Managing Services ‎Business for ‎Markets: A Case ‎Study of Marel

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This is a case study about why manufacturing companies may integerate services into their business.

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Managing Services ‎Business for ‎Markets: A Case ‎Study of Marel

  1. 1. Managing services business formarkets: A Case study of Marel
  2. 2. Karlstad Business School Handelshögskolan vid Karlstads UniversitetCourse code: FEAD51Course name: Industrial MarketingTitle: Managing services for business markets: A ‎ ase study of Marel CDate of Submission: 2013-03-04Family name Given nameShurrab HafezEl Bouassami MohammedName of the teacher: Maria ÅkessonName of the administrator: Frania Johansson
  3. 3. TABLE OF CONTENTS1. INTRODUCTION ..........................................................................................................- 1 -2. BACKGROUND ............................................................................................................- 1 -3. THEORY ........................................................................................................................- 1 -4. ANALYSIS .....................................................................................................................- 2 -5. CONCLUSIONS.............................................................................................................- 4 -6. REFERENCES ...............................................................................................................- 5 - I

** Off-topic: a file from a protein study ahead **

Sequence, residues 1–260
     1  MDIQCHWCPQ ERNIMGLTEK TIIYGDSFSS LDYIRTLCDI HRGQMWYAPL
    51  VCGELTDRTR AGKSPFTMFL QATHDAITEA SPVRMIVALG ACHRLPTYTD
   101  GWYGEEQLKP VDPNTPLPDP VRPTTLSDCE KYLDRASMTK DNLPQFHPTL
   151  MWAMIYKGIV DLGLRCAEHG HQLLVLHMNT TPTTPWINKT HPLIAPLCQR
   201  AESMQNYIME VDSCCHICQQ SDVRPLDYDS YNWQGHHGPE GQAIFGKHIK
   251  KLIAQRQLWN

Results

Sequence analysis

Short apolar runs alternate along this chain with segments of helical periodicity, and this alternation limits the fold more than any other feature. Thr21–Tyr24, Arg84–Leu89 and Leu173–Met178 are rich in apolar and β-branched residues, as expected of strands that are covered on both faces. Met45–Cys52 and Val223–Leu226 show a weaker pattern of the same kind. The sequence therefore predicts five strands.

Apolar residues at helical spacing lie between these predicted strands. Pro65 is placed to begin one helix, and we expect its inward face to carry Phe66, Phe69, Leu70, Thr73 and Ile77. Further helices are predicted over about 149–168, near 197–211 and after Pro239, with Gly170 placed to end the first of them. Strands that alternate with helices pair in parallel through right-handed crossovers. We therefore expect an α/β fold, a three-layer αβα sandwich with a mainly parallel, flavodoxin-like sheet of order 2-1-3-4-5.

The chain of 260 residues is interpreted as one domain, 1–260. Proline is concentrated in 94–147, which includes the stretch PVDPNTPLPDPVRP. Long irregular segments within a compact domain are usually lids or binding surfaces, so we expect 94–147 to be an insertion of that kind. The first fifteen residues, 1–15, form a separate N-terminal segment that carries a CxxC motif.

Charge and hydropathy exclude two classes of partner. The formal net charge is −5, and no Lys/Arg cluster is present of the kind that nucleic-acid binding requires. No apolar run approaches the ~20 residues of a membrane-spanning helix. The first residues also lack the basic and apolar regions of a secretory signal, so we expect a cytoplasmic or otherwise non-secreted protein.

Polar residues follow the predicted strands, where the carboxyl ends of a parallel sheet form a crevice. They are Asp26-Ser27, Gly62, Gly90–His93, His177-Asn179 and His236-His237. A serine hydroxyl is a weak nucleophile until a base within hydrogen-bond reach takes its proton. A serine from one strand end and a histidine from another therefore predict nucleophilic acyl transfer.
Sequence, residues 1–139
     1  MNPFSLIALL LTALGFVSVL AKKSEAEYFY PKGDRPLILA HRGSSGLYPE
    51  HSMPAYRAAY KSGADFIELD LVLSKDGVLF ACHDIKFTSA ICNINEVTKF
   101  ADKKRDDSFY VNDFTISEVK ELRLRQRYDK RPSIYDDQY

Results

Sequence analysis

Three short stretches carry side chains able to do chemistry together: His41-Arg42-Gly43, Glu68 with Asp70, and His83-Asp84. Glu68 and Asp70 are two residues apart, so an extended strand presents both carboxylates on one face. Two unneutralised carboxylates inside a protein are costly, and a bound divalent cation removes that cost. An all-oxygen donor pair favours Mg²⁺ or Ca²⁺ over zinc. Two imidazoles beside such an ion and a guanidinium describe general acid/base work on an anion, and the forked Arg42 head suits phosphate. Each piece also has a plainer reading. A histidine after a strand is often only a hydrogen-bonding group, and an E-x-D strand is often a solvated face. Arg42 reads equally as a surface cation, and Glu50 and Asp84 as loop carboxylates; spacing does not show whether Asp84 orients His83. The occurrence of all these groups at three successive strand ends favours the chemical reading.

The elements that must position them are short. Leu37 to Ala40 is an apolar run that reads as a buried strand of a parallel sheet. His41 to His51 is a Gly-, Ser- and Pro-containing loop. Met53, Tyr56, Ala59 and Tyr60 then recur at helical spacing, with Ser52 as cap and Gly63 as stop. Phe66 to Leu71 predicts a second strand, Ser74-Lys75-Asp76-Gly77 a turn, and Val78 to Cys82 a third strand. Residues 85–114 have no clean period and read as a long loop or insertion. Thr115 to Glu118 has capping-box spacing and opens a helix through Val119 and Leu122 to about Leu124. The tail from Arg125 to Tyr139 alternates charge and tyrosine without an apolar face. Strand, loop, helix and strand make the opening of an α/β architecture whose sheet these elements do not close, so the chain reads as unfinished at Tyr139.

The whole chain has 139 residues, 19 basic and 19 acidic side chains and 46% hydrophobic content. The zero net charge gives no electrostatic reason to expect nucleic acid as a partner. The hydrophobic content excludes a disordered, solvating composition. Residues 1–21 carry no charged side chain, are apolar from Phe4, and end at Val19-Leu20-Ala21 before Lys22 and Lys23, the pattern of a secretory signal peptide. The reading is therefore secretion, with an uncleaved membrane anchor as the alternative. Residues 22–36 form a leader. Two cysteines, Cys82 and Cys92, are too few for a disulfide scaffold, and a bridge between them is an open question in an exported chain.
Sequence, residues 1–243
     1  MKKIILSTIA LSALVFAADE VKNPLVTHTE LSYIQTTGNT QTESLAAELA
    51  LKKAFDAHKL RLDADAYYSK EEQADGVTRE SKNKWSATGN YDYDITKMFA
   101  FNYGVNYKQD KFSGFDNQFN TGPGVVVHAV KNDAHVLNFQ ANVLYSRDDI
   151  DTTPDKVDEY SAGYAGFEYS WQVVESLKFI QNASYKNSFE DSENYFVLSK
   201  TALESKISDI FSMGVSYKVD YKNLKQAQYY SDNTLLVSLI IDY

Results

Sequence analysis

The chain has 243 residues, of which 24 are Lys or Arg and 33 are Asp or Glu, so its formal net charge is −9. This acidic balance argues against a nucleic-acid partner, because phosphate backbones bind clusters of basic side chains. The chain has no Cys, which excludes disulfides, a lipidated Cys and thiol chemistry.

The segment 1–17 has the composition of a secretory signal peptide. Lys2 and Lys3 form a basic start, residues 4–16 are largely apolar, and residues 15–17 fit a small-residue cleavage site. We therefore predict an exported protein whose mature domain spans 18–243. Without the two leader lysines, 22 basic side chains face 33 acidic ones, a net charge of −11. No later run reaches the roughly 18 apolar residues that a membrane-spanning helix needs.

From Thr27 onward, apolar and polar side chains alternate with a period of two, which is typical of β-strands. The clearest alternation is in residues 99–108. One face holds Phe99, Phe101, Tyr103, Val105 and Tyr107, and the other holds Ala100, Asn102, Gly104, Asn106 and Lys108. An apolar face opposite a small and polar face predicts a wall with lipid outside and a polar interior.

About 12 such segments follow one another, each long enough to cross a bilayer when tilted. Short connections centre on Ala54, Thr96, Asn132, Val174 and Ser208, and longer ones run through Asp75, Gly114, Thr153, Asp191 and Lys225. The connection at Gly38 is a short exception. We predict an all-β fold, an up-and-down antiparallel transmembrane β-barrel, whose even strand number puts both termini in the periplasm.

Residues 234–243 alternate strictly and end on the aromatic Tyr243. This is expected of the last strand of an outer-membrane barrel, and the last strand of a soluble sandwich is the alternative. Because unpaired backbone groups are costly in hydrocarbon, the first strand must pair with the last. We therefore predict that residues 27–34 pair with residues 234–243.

4. 4. 1. INTRODUCTION Nowadays, customers of capital goods (B2B) require more and more value-addingactivities from their suppliers. That prompts industrials, in order to retain their finalcustomers’ loyalty, focus on offering a range of value-added services centered on oraround their core products. The main purpose of doing so is to improve the overallperformance of the customer’s value systems. Such services create new source ofrevenue for suppliers, and therefore affect their profits positively in the long term. Inmost cases, service products are intangible even though they could have a physicalappearance (Tidd & Hull, 2002). In B2B markets, manufacturers always offer at leastminimum services to convince their customers to buy their products. Recently, there arebundles of services offered by companies result in better value-adding system. That mayinclude maintenance, customer training, consultancy, or even tailor-made solutionsaccording to the customer needs. In this report, we highlight the growth of serviceproducts in a manufacturing company, which is Marel in our case. The analysis isdedicated to answer questions like why manufacturing companies may incorporateservice products, and what makes it service- or good-oriented company.2. BACKGROUND ‎ arel is the leading global provider of advanced equipment, systems and services Mto the fish, meat and poultry industries. Marel is a multinational company, with morethan 4000 employees worldwide, where their business units are mainly located inNetherlands, Denmark, United States, Iceland, Slovakia, and Singapore. The companyoperates a network of sales and services units all over the world (Marel 2013).3. THEORY O ‎ ne‎ way‎ to‎ enhance‎ manufacturing‎ companies’‎ growth‎ and‎ revenue‎ is‎ by‎ adding‎services to the overall business as important element for their future success. There arefour factors account for the growth of business services including e-business, whereinternet help in creating new business models based on range of e-commerce productsand services. The second factor is the outsourcing, where companies of all types movestoward outsourcing functions and services that are not their core expertise. Innovationsstand as a third factor, since new technologies support creating new services that did not -1-